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The scale you completed was a revised version of the "Activism Orientation Scale" developed by Alexandra Corning.

The scale is a measure that assesses people's tendencies to participate in political activities. This scale consists of two primary types of political activities:
(1) Conventional activism, referring to activities such as volunteering for a campaign, wearing buttons supporting a candidate, and attending political discussions.
(2) High-risk activism, referring to activities that involve a higher risk of danger such as engaging in physical altercations.

The idea behind the scale is that some types of political engagement are necessary for a democracy's continued functioning. However, some types of political engagement are better for democratic functioning than others. For example, it is good for citizens to be informed on the issues, participate in political discussions, and to vote. However, it is not so good for citizens to attack each other, break laws, and threaten people for holding different political beliefs. We are interested in figuring out what kinds of people are driven to engage in both conventional and higher-risk political activities.

The graph below show your scores (in green). The scores of all liberals who have taken it on our site are shown in blue (dark blue for those who identify as "strongly liberal," and light blue for those who identify less strongly as "liberal"), and the scores of all conservatives are shown in red (dark red for those who identify as "strongly conservative," and light red for those who identify less strongly as "conservative"). The scale runs from 1 (lowest score) to 4 (highest score) on both graphs. Higher scores indicate that you intend to engage in each type of political activities.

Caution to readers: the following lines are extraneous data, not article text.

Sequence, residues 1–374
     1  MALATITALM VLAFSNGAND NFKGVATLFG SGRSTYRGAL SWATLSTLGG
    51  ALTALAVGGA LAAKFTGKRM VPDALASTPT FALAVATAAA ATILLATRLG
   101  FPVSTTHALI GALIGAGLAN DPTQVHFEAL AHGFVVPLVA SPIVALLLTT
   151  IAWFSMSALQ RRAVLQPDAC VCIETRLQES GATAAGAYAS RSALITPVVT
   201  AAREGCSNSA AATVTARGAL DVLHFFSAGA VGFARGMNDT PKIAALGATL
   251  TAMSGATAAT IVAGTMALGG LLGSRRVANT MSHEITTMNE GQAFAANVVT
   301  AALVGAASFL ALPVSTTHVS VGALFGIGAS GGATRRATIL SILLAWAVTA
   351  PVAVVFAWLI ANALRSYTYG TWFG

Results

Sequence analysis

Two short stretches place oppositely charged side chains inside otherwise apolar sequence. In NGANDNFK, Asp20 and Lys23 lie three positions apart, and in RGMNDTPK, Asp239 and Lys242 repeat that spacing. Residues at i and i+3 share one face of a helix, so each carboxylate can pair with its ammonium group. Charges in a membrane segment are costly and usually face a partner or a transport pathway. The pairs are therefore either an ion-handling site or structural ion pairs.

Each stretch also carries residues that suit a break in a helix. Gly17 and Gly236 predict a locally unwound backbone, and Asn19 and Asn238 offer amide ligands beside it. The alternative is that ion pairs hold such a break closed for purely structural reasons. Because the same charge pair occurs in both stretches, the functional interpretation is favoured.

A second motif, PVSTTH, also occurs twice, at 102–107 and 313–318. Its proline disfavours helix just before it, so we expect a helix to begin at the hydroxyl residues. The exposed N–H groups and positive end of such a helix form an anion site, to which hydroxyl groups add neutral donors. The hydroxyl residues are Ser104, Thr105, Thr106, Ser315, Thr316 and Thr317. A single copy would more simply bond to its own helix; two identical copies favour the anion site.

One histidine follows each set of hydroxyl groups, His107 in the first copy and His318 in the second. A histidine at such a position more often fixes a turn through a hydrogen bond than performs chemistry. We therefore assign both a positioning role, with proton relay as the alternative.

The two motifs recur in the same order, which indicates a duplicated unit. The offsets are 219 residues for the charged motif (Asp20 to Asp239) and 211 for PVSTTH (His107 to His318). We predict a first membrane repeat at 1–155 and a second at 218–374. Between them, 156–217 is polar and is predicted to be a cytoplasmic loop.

Do you have ideas on improving this study? Or did you encounter any difficulties in answering the questions? Click here to send a message to the creators of this study.




You are a member of the group:LessWrong and those results are shown with the Grey bar.






To learn more about measuring political activism, you can view read this paper:

Corning, A. F., & Myers, D. J. (2002). Individual orientation toward engagement in social action. Political Psychology, 23(4), 703-729.


To learn more about political civility and hostility, you can visit CivilPolitics.org, a hub of academic research on political polarization and civility.



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